4 Social Media Resolutions for 2017
Resolve to Practice Better Privacy Habits Online
Looking for New Year’s resolutions with more staying power than most? This year, how about resolving to be privacy-aware?
The Internet and social media in particular have made it easy to share more of our personal lives with our friends. But, it’s also become easier to share with people we don’t even know.
Online privacy isn’t just about protecting your personal information — name, address and birthdate — to help prevent identity theft. It’s also about protecting you and your family from public embarrassment, from private conversations going public, and from stalking and bullying.
If you’re unsure whether you and your family are exposed or protected online, take a look at these four social media resolutions and adopt the ones that make sense for you. And, make this year more secure than last.
- I will review the privacy and security settings on my social media accounts. Take an hour or so to evaluate and update the privacy settings on all the social sites you use. Facebook will probably require the most attention, because there are so many ways to share personal information (maybe more than you’re aware of) and so many options for limiting access to your info. You can control who sees your posts, who posts to your timeline, who contacts you, who looks you up and whether search engines can link to your timeline.
Review the privacy settings on your other social media accounts, too, from LinkedIn down to Twitter, Snapchat and Pinterest.
If you only use a site to connect with a small circle of friends, then you can probably select the most restrictive privacy settings for the greatest protection. For help, try these social media privacy setting tips from the Center for Identity at the University of Texas at Austin.
- I resolve to think twice about what I share online. Sharing information about yourself is the whole point of social media. But, once you’ve shared online, it’s very hard to un-share. Certain information may always be available to someone who knows where to look. And, even if your accounts are private, someone in your network may share what you’ve posted with their own network. You can truly never know how far your posts may travel, so think twice before posting:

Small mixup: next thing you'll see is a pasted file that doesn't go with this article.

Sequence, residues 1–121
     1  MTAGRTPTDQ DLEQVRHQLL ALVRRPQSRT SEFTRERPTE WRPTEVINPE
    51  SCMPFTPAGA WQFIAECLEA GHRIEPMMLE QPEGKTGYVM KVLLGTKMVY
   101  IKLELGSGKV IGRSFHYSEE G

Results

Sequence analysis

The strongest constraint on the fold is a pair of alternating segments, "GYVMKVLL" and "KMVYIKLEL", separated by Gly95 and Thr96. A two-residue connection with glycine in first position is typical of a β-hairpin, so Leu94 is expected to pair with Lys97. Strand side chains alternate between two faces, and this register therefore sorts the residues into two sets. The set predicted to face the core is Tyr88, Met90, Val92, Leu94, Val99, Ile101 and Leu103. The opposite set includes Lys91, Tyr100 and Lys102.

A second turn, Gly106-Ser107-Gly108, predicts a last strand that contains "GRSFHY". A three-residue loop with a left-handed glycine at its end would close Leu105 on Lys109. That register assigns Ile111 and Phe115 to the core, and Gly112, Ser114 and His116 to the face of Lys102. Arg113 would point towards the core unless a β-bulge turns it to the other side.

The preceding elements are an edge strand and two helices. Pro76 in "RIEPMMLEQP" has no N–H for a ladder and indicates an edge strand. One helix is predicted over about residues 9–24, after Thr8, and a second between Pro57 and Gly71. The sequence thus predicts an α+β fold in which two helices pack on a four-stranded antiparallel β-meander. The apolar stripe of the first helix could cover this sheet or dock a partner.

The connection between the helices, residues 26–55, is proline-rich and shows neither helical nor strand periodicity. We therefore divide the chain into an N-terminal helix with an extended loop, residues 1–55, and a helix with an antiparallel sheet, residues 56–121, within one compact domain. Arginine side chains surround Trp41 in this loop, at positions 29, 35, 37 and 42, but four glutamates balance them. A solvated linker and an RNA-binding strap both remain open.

- Your full birthdate. Share the month and day, if you like, but leave out the year you were born.
- Photos with geotag information that may allow strangers to identify where they were taken and thus where you live or where your kids go to school. Check your smartphone camera settings to turn off geotagging – ask Google for instructions, if needed.
- The address or other identifying factors of your home, office or child’s school. Even a photo showing the license plate number of your new car could reveal too much.
- Photos of other children unless you have their parents’ permission.
- Your travel plans. Posting about your trip before you leave or while you’re gone lets others know your home is unoccupied.
- Anything you wouldn’t want someone outside your network to read, such as a rant about your job or sensitive information about your work. Such posts have led to people getting fired.
- I will not allow strangers or untrustworthy people into my social networks. You may be flattered by a pretty stranger’s interest, or blinded by your pursuit to reach 1,000 friends. But, it’s simply not safe until you know who they are and why they want to get closer to you.
In a similar category are the casual acquaintances you just made at all those holiday parties. Let the relationships ripen before you give them access to your personal information. And, be careful about your real-life friends who connect with anyone and everyone via social media; your secrets may be available to strangers through them.
- I resolve to monitor my youngest children’s social media use and to make the risks clear to my older children. Children of all ages can be naïve – or just careless – about the impacts of online sharing. It’s hard for them to grasp that something they share online today could impact their college or job opportunities long after the post was made. Plus, they could be putting their personal safety at risk by sharing too much with the wrong person.
Even once you allow them freer access online, it’s wise to monitor them until you feel confident in their decision making. Discuss frankly the risks that come from sharing too much, and the practices that reduce those risks. By staying involved, you can have an impact on how your teens use social media even when you’re not looking over their shoulder.
The Internet is a big place, and, while our own social networks may feel familiar and secure, they sometimes aren’t. So, connect and post with care, and adjust your privacy settings before sending that next Tweet.